Evidence suggests that clinicians are limited in their ability to identify psychosocial factors in patients presenting with musculoskeletal (MSK) pain.(1,2) As such, it is important to use screening tools to improve clinical recognition and the contribution of psychosocial factors in MSK pain disorders.(3-5)
The Örebro Musculoskeletal Pain Screening Questionnaire (ÖMPSQ) has had several studies demonstrate its clinical utility in the identification of psychosocial factors.(6-8) However, calls were made to reduce the 21-item ÖMPSQ to a shorter form. A shorter version of the ÖMPSQ would improve practicality and reduce the burden on patients, clinicians and researchers.
The ÖMPSQ short version (ÖMPSQ-10) has recently been shown to be valid in identifying potential risk of pain-related disability and long-term work absence.(9)The ÖMPSQ-10 includes 10 items selected from the full version.(9) These items are scored 0-10, where 0 refers to absence of impairment and 10 to severe impairment.
The total score will range between 1 and 100, with a score >50 correlating with greater long-term sick leave and poorer outcomes (high risk patient).(9)
In conclusion, the ÖMSPQ-10 is appropriate for clinical and research purposes, since it is nearly as accurate as the longer version.(9) It can also be used to monitor patient progress (e.g. administer the ÖMSPQ-10 monthly or every 3-months to monitor changes over time).
Easily administer, score and interpret outcome measures – including the ÖMSPQ-10- through Erepsonline. For more information on selecting and viewing outcome measures, see the Erepsonline Video Tutorials, or check out the Quick Start Quide
Bishop A, Foster NE. Do physical therapists in the United kingdom recognize psychosocial factors in patients with acute low back pain? Spine 2005;30:1316-22.[PMID: 15928559]
Hill JC, Vohora K, Dunn KM, et al. Comparing the STarT back screening tool’s subgroup allocation of individual patients with that of independent clinical experts. Clin J Pain2010;26:783-7. [PMID: 20842014]
Australian Acute Musculoskeletal Pain Guidelines Group. Evidence-based mamagement of acute musculoskeletal pain. Brisbane: Australian Government: National Health and Medical Research Council, 2003. [pdf]
Chou R, Qaseem A, Snow V, et al. Diagnosis and treatment of low back pain: a joint clinical practice guideline from the American College of Physicians and the American Pain Society. Annals of internal medicine 2007;147:478-91. [PMID: 17909209]
van Tulder M, Becker A, Bekkering T, et al. Chapter 3. European guidelines for the management of acute nonspecific low back pain in primary care. Eur Spine J 2006;15 Suppl 2:S169-91. [PMID: 16550447]
The Fear Avoidance Belief Questionnaire (FABQ) was developed by Waddell to investigate the fear-avoidance beliefs of patients with chronic low back pain.(1) The Rehabilitation Measures Database states that the FABQ “focuses specifically on how a patient’s fear-avoidance beliefs about physical activity and work may affect and contribute to their low back pain (i.e. the cognitive/affective components of pain that are differentiated from specific tissue damage, injury, and nociception) and resulting disability.”(2)
The FABQ has been demonstrated to be valid and reliable in a chronic LBP population and appears to be a useful screening tool for identifying acute low back pain patients who will not return to work by 4 weeks. (1,3)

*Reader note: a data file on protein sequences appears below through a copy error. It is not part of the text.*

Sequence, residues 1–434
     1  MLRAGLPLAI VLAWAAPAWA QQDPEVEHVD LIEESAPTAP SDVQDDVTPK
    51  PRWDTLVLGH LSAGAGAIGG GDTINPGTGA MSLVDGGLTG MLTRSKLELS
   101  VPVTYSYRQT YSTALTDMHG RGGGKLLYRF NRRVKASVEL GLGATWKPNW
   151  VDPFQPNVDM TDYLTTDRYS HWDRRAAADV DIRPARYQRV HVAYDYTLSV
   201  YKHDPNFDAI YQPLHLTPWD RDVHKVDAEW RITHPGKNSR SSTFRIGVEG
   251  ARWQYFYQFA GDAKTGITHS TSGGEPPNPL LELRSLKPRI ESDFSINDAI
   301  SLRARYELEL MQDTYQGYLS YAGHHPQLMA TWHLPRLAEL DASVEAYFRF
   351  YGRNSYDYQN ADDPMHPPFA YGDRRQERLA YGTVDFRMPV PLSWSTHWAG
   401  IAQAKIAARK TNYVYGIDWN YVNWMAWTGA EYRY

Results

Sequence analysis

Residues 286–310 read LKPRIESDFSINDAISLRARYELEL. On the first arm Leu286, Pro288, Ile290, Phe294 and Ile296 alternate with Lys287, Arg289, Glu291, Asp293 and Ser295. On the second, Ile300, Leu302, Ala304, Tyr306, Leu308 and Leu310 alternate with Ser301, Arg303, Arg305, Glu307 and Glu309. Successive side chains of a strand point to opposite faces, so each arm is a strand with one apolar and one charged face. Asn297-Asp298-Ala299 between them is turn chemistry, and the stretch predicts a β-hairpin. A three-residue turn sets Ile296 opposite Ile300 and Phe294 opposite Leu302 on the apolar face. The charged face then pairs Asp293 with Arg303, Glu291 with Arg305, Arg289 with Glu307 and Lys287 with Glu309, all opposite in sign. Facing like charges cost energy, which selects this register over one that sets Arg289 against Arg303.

The FABQ consists of 2 subscales:
The Physical Activity subscale (FABQPA)
FABQPA of 15 or greater is considered a high score.
The Work subscale (FABQW).
FABQW of 34 or greater is considered a high score.
A patient with work related low back pain and a “positive” FABQ-W test result (score >34) has ahigher probability of not returning to work in four-weeks.
Not only can the FABQ help determine the probability of current and future work loss and disability, the FABQ can also help healthcare professionals choose clinical interventions that have an increased probability of a successful outcome (i.e. the FABQ can predict successful outcomes from clinical interventions or predict decreased probability of successful outcomes).
For example, the FABQ can be used for the following clinical prediction rules:
Sacroiliac Joint Manipulation
A low FABQW score (less than 19) is one of 5 variables in a clinical prediction rule that increased the probability of success from sacroiliac region manipulation in individuals with low back pain.(4)
A low FABQPA score (less than 9) would decrease the probability of success of a stabilisation exercise program in individuals with low back pain.(5)
A predictor of 6-month outcomes following 4-weeks of physical therapy.
FABQW scores greater than 20 indicated an increased risk of reporting no improvement in 6-month ODQ scores.(6)
*The Oswestry Disability Questionnaire (ODQ) is considered the ‘gold standard’ of low back functional outcome tools.
In conclusion, healthcare professionals should be administering the FABQ within clinical practice. The FABQ can help determine the probability of current and future work loss and disability, as well as indicate increased risk of poor treatment outcomes. Practitioners utilising manipulation and exercise therapy in the management of low back pain, can derive information from the FABQ to determine the probability of success – or lack thereof – when deciding to implement these two clinical interventions.
Easily administer, score and interpret outcome measures – including the FABQ – through Erepsonline. For more information on selecting and viewing outcome measures, see the Erepsonline Video Tutorials, or check out the Quick Start Quide